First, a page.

Today marks the 200th birthday of one of Canada’s most important historical figures, Sir George-Étienne Cartier, a leading Father of Confederation. Cartier was born on September 6, 1814 in Sainte-Antoine-sur-Richelieu, Lower Canada. He studied law and started practising in 1835; however, politics soon became his passion. His entrance into the world of politics was anything but uneventful, as he played a role in the Lower Canadian Rebellion of 1837 and fought in the Battle of Saint-Denis. Cartier subsequently spent a year in exile in Vermont but pled for leniency and returned to Montreal in 1839.
In 1848 Cartier was elected to the Legislative Assembly of the Province of Canada and shortly after was appointed to Cabinet. From 1857 to 1862 he served as co-premier of the Province of Canada with Sir John A. Macdonald following his coalition with the Upper Canadian Conservatives. It was in this period that Macdonald and Cartier started working together and began to garner support for Confederation in an attempt to put an end to political instability.
Cartier played a pivotal role in gaining French-Canadian support for Confederation. He argued that francophone interests would be best preserved in a federation of provinces. When Confederation finally came about on July 1, 1867, John A. Macdonald became the first Prime Minister and Cartier the first Minister of Militia and Defence.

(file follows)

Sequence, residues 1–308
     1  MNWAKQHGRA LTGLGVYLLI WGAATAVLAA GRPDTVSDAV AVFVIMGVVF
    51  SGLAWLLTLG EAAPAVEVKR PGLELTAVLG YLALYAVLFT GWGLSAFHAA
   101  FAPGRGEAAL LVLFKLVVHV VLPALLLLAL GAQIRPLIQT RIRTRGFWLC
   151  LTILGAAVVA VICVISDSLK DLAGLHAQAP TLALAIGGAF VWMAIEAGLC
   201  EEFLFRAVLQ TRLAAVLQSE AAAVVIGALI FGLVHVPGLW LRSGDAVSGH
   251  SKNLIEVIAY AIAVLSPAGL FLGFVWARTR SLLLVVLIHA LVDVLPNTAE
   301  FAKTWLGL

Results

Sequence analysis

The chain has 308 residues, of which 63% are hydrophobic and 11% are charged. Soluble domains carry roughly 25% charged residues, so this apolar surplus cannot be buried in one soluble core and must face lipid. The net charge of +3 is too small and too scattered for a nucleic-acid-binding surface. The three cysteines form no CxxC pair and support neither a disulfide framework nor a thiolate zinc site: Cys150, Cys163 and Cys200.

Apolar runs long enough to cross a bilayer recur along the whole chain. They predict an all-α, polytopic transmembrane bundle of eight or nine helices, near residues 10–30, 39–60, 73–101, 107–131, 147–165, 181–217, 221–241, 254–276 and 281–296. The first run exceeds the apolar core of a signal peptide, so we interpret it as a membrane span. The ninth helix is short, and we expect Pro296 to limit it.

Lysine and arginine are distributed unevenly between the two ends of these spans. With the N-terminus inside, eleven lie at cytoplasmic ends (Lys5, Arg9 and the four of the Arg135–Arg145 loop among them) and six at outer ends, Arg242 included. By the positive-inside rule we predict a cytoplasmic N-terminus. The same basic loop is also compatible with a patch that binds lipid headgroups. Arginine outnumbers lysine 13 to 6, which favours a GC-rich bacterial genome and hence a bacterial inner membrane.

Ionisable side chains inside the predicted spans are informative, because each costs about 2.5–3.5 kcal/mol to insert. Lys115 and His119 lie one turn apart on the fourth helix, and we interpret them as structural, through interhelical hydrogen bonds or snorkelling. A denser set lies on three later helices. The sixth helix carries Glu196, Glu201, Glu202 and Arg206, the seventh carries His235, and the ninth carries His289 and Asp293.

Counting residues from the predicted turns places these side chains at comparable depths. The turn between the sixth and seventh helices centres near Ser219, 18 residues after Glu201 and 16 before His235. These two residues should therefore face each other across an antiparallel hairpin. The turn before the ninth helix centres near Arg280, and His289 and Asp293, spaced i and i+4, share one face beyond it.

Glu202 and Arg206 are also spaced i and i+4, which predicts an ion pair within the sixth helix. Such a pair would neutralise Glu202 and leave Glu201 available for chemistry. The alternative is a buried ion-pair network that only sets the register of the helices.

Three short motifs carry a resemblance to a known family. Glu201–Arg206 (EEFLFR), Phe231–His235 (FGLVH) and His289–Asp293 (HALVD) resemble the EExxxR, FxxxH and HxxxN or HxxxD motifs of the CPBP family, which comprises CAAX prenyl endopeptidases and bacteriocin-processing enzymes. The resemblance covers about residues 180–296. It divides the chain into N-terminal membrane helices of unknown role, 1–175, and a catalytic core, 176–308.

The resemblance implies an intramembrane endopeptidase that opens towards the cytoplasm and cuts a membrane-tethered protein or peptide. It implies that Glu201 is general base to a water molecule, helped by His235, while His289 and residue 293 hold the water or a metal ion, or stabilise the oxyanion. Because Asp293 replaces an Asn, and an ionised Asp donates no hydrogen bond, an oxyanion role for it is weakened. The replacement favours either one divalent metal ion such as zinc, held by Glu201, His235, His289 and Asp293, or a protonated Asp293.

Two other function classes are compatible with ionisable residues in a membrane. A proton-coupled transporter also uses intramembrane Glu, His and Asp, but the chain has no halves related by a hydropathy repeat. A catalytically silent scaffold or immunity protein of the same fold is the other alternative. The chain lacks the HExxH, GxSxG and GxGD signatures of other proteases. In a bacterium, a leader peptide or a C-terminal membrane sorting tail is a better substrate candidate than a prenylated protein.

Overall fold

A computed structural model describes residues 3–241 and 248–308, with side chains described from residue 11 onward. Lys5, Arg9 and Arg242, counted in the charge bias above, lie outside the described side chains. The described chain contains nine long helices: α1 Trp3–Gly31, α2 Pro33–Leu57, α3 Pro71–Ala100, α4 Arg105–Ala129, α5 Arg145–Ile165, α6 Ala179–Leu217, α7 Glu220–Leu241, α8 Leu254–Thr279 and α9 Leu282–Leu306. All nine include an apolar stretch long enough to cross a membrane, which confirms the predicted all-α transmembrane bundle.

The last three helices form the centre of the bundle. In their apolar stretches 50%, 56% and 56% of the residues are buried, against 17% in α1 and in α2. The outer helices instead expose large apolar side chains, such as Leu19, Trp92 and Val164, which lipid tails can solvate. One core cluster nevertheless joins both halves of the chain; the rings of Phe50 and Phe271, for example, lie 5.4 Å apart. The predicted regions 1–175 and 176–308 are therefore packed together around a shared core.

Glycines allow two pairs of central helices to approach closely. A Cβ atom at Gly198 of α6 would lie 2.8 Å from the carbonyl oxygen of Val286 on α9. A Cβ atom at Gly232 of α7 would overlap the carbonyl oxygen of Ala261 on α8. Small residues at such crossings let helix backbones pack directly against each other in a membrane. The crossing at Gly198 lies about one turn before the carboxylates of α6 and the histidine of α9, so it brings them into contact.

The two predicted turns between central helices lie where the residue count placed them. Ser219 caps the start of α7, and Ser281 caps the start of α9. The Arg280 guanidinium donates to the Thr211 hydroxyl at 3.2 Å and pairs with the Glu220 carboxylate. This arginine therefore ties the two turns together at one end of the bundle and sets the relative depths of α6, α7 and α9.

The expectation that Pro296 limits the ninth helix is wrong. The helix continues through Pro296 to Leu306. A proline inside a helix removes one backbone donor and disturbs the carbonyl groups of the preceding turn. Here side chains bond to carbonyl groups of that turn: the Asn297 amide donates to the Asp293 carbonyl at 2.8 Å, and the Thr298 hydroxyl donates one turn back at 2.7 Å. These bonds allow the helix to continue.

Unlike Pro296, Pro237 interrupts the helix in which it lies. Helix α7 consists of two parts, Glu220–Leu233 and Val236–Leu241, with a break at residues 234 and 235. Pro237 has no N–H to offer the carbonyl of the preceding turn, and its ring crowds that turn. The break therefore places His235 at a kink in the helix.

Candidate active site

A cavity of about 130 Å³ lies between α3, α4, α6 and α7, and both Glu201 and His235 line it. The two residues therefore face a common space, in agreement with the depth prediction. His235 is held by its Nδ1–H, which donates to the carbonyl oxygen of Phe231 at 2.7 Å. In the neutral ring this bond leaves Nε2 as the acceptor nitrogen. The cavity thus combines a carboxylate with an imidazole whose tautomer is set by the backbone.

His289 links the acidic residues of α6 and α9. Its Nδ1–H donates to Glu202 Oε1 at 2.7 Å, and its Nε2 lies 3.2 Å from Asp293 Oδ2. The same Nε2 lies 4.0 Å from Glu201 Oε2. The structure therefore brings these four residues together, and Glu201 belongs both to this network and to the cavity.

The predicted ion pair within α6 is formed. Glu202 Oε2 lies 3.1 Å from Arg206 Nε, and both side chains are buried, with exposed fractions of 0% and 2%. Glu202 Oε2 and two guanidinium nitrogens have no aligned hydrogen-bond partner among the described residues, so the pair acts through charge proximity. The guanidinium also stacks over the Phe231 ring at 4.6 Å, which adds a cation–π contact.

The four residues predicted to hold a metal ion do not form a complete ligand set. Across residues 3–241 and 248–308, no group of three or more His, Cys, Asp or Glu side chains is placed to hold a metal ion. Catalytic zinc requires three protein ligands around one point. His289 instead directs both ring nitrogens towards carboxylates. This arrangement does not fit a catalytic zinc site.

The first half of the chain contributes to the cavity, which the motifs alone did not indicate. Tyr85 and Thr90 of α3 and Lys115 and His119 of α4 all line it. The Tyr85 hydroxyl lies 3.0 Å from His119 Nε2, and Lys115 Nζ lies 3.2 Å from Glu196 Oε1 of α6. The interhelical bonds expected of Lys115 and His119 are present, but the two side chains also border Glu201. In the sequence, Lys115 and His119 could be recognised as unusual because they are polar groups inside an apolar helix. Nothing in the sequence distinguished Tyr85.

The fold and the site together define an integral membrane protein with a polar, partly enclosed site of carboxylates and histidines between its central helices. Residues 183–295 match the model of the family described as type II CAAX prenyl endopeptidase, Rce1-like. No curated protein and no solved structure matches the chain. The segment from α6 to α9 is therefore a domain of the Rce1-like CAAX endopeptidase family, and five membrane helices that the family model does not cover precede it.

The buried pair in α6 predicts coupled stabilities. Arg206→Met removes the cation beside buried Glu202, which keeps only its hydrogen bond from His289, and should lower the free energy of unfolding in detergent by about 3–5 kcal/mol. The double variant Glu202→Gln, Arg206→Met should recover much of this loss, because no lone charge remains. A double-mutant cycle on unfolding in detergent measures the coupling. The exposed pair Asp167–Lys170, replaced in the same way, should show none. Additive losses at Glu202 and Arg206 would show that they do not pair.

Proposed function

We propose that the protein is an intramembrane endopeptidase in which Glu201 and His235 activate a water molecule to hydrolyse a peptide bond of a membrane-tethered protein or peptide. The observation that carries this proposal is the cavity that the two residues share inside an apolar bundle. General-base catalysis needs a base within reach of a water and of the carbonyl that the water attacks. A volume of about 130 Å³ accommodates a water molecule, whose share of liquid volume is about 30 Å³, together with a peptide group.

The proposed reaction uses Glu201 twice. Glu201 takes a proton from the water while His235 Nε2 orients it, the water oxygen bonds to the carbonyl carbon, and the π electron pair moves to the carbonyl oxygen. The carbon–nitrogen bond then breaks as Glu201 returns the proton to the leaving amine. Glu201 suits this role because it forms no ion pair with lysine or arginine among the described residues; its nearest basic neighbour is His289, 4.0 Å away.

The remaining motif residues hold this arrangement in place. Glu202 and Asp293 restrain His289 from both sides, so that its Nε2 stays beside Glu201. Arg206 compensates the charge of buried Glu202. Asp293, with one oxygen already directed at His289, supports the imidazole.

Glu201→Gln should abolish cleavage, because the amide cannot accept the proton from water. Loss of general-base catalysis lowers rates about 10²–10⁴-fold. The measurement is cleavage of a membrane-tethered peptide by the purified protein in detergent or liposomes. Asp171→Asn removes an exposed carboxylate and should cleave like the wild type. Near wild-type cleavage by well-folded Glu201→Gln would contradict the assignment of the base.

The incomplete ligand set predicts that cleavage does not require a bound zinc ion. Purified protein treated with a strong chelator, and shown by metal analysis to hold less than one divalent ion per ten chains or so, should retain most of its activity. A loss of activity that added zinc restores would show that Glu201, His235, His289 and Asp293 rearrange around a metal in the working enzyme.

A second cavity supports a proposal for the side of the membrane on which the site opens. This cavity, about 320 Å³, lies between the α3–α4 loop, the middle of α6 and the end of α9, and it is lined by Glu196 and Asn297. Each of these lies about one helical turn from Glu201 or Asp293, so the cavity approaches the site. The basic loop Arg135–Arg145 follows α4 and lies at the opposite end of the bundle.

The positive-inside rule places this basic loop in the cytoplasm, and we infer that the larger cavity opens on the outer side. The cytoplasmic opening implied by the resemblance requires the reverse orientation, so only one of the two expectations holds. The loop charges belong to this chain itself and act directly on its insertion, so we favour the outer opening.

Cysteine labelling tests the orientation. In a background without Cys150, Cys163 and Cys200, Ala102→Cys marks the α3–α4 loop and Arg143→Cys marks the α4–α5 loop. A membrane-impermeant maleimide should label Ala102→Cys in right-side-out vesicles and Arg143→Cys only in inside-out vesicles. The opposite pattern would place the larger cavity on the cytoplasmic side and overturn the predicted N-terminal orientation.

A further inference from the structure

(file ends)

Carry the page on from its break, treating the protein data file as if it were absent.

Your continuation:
Cartier passed away on May 20, 1873. His death deeply affected his close friend, John A. Macdonald, who proposed that a statue be erected in Cartier’s honour. It was sculpted by Louis-Philippe Hébert and unveiled in 1885. This was the first statue to be placed on Parliament Hill and it can still be seen today. Cartier left his mark on generations of Canadians. The centenary of his birthday in 1914 was marked by large celebrations and another monument was erected, this time in Montreal. Cartier’s Montreal home was designated a National Historic Site.
While the majority of Cartier’s papers were destroyed, Library and Archives Canada does have several important records, including a family photo album, postcards, and some correspondence that took place during his period as Minister of Militia and Defence. We also have several letters written by Cartier to Macdonald, found in the Sir John A. Macdonald collection (archived).